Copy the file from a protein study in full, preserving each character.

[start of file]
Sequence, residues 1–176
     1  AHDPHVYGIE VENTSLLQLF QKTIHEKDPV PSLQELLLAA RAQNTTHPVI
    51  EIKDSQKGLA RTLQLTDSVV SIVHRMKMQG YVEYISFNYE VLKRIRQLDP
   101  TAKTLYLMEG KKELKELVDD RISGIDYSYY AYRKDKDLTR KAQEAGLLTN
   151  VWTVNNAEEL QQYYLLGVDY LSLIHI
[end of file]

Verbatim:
Sequence, residues 1–176
     1  AHDPHVYGIE VENTSLLQLF QKTIHEKDPV PSLQELLLAA RAQNTTHPVI
    51  EIKDSQKGLA RTLQLTDSVV SIVHRMKMQG YVEYISFNYE VLKRIRQLDP
   101  TAKTLYLMEG KKELKELVDD RISGIDYSYY AYRKDKDLTR KAQEAGLLTN
   151  VWTVNNAEEL QQYYLLGVDY LSLIHI